"Even as a persnickety psychiatrist, I find this documentary to be hugely beneficial as a conversation starter on this important topic. Not everyone will come out of it agreeing with all it says, but I can guarantee it will provoke additional thinking in every clinician, and perhaps even create a shift in our thinking and action on the issue of medication prescribing in America."

Case Western Reserve University | Awais Aftab, Clinical Assistant
Professor of Psychiatry 
"Medicating Normal is a remarkable documentary that illustrates how conversations about the harms of psychiatric medications have entered the public realm. In response to the failure of the medical system to adequately acknowledge these harms, ex-patients/survivors are taking ownership of their psychiatric distress and addressing it on their own terms. These are complex issues and there are no easy answers; the strength of Medicating Normal is that it boldly initiates a societal discussion that has been long overdue.”

Video Librarian
"Ultimately, the message is to be a more informed patient who understands the side effects and long-term impact that taking any prescription medication can have on an individual ... Highly Recommended."

"Each tells his or her story, painfully describing the increased symptoms from increasing medications and the pain of withdrawal. Psychiatrists, doctors, and scholars add their commentary. This is sure to start discussions about these medications and their varied impacts."

Award winning filmmaker, and co-director/producer of MEDICATING NORMAL, Lynn Cunningham produced, directed and edited films/TV for PBS and the History Channel in the 1980s and 90s (A Quiet Revolution: The Emergence of Alternative Education in JapanTwenty Years of Co-Education; A Family in Progress An Innovator’s Story, Behind the Scenes, Walter Reuther & the Birth of the UAW, Tadao Ando, Butoh: A Body on the Edge of Crisis, etc).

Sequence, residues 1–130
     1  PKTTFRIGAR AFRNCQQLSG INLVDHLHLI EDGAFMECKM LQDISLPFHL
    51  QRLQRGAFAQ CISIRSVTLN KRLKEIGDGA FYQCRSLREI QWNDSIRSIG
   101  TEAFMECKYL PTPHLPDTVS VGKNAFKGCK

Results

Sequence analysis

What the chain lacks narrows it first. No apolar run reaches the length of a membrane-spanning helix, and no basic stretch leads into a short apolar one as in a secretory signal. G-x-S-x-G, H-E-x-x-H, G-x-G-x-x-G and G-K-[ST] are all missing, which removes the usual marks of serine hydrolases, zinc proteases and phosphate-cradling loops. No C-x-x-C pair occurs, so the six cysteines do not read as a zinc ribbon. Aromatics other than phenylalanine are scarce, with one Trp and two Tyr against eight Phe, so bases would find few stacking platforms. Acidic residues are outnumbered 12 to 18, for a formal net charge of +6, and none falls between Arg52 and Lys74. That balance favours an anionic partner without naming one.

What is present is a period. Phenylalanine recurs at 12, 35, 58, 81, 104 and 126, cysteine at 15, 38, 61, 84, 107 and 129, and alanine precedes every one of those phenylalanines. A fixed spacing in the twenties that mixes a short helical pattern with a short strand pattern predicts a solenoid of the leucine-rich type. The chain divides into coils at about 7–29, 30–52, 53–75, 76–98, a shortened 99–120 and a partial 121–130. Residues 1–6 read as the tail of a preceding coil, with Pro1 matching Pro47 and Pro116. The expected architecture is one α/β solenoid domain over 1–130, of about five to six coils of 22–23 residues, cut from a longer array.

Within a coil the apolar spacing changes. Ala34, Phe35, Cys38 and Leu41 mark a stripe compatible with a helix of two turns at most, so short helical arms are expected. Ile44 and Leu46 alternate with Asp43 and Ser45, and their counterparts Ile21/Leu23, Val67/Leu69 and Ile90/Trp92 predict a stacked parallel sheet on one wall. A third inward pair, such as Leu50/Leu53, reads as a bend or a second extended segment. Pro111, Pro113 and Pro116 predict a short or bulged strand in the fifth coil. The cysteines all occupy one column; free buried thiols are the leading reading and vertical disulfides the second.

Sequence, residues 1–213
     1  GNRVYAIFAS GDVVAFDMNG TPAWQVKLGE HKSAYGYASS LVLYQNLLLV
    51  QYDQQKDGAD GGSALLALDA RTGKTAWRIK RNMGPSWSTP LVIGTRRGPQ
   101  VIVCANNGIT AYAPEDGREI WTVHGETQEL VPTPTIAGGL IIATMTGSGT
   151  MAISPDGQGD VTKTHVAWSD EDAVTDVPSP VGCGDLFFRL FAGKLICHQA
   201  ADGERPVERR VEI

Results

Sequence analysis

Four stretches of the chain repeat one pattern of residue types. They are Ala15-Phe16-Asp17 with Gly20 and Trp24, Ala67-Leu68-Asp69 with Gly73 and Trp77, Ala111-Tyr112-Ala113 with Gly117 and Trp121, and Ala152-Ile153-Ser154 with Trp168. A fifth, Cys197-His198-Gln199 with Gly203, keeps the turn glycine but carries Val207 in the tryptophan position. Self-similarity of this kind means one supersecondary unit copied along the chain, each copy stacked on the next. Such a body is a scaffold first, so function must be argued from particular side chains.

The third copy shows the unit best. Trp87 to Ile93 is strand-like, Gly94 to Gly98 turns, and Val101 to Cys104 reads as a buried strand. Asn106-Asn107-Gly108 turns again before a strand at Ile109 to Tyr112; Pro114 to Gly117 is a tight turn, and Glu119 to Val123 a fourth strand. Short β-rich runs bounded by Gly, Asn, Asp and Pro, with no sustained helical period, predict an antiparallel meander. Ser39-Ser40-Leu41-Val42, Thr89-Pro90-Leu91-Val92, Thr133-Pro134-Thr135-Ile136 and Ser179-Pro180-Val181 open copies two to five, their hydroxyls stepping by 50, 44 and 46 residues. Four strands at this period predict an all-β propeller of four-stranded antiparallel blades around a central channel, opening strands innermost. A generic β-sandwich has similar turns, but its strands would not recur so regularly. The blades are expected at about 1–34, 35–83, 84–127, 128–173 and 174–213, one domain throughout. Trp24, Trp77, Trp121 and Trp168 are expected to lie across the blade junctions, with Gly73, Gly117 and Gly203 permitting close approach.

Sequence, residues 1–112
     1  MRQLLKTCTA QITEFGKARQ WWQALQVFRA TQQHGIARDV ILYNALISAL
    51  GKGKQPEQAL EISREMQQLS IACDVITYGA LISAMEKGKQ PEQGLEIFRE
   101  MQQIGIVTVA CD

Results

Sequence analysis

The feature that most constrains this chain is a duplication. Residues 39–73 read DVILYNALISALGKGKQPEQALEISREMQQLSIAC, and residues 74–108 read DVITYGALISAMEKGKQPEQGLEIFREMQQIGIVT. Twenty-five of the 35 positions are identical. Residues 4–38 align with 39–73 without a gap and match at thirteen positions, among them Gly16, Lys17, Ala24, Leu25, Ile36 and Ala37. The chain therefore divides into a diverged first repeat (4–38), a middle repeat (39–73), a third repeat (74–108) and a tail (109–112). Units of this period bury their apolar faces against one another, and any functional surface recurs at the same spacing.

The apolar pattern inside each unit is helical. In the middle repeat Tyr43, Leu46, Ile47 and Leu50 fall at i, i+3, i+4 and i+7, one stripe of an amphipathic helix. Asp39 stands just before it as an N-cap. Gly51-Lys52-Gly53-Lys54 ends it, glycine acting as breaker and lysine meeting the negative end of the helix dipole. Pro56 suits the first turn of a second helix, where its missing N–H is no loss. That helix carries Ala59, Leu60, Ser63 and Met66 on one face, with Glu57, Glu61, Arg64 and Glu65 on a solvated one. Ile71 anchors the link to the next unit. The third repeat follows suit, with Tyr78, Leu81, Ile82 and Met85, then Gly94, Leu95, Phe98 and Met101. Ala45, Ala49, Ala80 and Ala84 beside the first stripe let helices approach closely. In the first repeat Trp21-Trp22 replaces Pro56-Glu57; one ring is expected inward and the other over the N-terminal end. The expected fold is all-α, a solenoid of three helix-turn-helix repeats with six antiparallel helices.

Twenty years ago, as she was becoming a parent herself, Lynn witnessed with crushing despair the dramatic transformation of a beloved family member.  Once a bright, high functioning scholar/athlete having graduated from an elite college, Lynn’s relative had become in a few short years — a terrified, suicidal shell of her former self — diagnosed with serious mental illness.  Putting their faith in the best psychiatric standard of care at the time in the late 90s, Lynn and her family were initially reassured by the relief and stability provided by medication and therapy.  After a ten-year period, however, one medicine had become ten, and income from a vibrant, self-sufficient career was replaced with monthly disability payments.  Unable to provide an answer to her relative’s persistent self-doubt, “Is everything going to be OK?”   Lynn began searching for answers.  She joined with her filmmaking partner Wendy Ractliffe, embarking on five years of research into the complex world of mental health treatment.  After discovering Robert Whitaker’s Anatomy of an Epidemic, they interviewed 100s of psychiatric patients and consulted with scores of experts across the country about their experiences.   A personal quest to help one suffering individual turned into a mission to tell an untold storyIn Medicating Normal, Lynn and Wendy began to piece together a stunning new perspective on the safety and efficacy of psychiatric drugs and society’s over reliance on them to relieve pain and suffering.


GOOD DOCS and the MEDICATING NORMAL outreach team offers assistance in creating a customized post-screening panel. Panel discussions generally run 45 minutes to an hour and can include a filmmaker, a subject in the film, and 1-2 additional individuals depending upon audience needs and interests. We offer a curated and extensive list of potential panelists that includes researchers, clinical pharmacologists, pharmacists, psychiatrists, psychologists, physician assistants, trauma therapists, parents, lawyers, science journalists and others. Post-film discussions have been broadened by including the voice of at least one individual whose life has been impacted by psychiatric drug treatment, many of whom are medical professionals themselves.   

This customized option is highly recommended based on deep and rewarding discussions in over 130 post-screening panels completed thus far.